From Dr Edwina Opare-Lokko one of fellowship trained docs in palliative care

There’s a national programme that trains clinical nurse specialists in palliative care by the Ghana College of Nurses and Midwives, which began in 2015- they’ve graduated 3 sets so far and it’s gaining popularity

We should guard against thinking of palliative care as just end of life care and “dumping” patients who are considered terminal on palliative care teams/units.
Palliative care seeks to improve quality of life by preventing and relieving suffering and is not just based on prognosis, but in need, across the entire illness trajectory.

It is a basic skill that all physicians and surgeons need to have in this era, since cancers and other serious illnesses, mainly NCDs, are major causes of morbidity and mortality in hospitals.
Unfortunately, it is not a mandatory part of the undergraduate curricula for medical schools in Ghana. So far, only 3 medical schools feature lectures in palliative care in their curricula and only 2 or so allocate clinic time to final year medical students to be exposed to palliative care teams. Yet in every clinical rotation, they all agree they have seen patients with clear palliative care needs.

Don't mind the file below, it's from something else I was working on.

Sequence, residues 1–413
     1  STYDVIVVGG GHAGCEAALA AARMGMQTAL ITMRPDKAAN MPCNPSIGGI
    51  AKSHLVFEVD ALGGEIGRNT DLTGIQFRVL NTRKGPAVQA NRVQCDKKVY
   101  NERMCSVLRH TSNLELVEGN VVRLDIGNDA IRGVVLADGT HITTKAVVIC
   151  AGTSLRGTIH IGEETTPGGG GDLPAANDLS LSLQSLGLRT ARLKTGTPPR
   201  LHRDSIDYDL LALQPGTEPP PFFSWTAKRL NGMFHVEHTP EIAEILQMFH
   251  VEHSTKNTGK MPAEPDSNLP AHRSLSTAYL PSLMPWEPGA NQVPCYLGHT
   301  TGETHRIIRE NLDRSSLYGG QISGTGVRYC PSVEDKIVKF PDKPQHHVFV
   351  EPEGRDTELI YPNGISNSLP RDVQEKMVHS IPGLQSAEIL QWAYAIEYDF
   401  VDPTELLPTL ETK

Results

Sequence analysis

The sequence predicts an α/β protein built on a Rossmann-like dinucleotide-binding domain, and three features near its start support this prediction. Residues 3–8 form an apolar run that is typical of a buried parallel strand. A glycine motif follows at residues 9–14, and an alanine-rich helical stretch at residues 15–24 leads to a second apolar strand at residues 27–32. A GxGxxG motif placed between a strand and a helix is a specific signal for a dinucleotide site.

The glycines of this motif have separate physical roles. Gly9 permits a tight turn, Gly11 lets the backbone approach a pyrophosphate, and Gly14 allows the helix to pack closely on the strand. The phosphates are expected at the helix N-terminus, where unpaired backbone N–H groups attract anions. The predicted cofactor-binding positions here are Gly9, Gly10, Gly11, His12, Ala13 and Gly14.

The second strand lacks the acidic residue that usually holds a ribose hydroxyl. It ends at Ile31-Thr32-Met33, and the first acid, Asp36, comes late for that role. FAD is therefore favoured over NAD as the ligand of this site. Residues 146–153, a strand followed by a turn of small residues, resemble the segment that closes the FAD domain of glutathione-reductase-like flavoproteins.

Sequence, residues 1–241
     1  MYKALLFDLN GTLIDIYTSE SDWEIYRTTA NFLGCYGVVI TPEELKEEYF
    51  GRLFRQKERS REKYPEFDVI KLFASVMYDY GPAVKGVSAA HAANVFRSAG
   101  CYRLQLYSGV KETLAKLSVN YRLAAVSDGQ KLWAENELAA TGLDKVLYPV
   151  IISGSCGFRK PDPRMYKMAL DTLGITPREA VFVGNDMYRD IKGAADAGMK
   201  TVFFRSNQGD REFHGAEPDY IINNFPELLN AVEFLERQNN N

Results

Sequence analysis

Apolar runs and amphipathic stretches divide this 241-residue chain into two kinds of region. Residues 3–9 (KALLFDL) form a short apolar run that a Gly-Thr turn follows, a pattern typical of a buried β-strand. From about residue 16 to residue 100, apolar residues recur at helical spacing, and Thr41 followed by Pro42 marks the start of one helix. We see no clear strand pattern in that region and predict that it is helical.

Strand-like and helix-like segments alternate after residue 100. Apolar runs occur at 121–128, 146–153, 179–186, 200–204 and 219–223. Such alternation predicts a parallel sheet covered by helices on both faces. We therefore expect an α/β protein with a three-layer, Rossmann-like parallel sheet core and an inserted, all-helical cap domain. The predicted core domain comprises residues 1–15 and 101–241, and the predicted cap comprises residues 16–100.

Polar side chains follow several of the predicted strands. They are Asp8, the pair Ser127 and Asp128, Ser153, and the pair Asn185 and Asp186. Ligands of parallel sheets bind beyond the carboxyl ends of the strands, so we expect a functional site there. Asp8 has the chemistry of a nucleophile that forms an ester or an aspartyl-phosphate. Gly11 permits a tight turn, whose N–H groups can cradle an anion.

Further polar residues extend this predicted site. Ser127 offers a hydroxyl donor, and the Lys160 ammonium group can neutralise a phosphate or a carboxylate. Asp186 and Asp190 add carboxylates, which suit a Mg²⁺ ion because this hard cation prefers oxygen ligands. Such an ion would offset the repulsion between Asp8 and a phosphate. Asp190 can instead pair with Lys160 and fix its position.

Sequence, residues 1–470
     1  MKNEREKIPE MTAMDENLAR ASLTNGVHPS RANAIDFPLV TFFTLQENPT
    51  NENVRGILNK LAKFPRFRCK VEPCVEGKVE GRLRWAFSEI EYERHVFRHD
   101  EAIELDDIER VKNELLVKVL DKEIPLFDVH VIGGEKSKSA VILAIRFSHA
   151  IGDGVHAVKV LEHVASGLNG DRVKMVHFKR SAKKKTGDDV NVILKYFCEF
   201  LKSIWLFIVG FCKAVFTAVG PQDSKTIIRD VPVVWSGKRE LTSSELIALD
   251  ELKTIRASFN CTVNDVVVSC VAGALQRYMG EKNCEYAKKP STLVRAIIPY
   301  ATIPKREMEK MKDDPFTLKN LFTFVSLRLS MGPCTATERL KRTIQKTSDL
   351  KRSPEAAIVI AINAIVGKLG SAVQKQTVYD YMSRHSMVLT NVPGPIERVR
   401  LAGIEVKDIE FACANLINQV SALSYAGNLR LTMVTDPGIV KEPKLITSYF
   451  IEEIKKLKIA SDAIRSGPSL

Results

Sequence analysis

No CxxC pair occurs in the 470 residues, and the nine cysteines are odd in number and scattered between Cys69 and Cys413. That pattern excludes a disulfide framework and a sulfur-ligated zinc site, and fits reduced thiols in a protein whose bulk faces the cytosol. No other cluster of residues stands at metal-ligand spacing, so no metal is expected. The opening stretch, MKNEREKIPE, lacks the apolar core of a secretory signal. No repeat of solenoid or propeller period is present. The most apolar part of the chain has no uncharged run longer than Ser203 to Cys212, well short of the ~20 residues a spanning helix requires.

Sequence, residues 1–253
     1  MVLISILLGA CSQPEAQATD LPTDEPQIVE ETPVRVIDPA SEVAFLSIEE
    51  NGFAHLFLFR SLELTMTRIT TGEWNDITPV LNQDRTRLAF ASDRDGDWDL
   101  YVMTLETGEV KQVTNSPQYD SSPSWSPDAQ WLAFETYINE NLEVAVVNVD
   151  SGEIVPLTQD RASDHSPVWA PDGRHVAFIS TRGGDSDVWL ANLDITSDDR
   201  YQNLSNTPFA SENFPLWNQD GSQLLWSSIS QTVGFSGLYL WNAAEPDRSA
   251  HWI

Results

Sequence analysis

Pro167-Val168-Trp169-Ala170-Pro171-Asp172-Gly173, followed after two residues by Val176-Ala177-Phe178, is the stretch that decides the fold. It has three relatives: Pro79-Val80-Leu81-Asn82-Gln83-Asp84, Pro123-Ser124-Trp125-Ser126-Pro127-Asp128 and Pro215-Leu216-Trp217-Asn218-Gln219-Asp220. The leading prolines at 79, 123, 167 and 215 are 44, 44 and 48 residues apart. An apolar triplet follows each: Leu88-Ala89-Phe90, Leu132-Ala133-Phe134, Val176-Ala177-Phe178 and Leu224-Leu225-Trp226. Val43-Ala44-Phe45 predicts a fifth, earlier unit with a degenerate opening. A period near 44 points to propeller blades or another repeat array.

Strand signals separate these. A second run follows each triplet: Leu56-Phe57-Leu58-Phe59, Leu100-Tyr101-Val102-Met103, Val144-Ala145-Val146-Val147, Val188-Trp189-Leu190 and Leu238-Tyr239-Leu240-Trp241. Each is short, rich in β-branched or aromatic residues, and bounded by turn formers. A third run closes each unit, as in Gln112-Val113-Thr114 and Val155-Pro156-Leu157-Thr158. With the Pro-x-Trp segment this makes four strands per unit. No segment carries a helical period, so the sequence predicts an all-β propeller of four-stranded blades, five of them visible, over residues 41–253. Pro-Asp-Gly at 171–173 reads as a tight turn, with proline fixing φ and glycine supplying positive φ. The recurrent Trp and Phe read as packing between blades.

All family medicine trainees rotate through palliative care during their membership training but other specialists don’t.
All clinicians should be able to provide basic palliative care as a matter of necessity. Once integrated into everyone’s daily practice at all levels of health care, management of patients will improve.

Patients live in communities. To be effective, we need community based palliative care available at the district or even CHBS level, where Community Health nurses and PAs work together with PC teams led by Family Physicians/other trained physicians and/or Clinical nurse specialists, together with trained nurses, clinical psychologists and pharmacists; who would liaise further with the specialist palliative care teams based at regional and teaching hospitals.
This way referrals can be made across all levels of the healthcare system, in either direction as needed, based on the patient’s or family’s circumstances and needs.

All these require funding- the NHIS would have to make provision for home visits, provision of medical equipment for bedridden patients, medications for symptomatic treatments etc.

The GCPS has an interdisciplinary fellowship in Palliative Medicine which is run by the Faculty of Family Medicine but open to all clinicians with a Membership in a clinical discipline- Surgery, Anaesthesia, Oncology, Child Health, Internal Medicine, Psychiatry, Emergency Medicine, Urology, etc. We need more physicians to become Palliative Physicians so that we can train more people to provide basic palliative care ( pain management, symptom, management, communicating about serious illnesses, setting goals of care; advance care planning; recognize and initiate appropriate care for spiritual and psychosocial needs; and providing good end of life care.

This is good medicine, which when practiced by all, will improve satisfaction with healthcare.

Dr Edwina Opare-Lokko; Family/Palliative physician

Shared with permission

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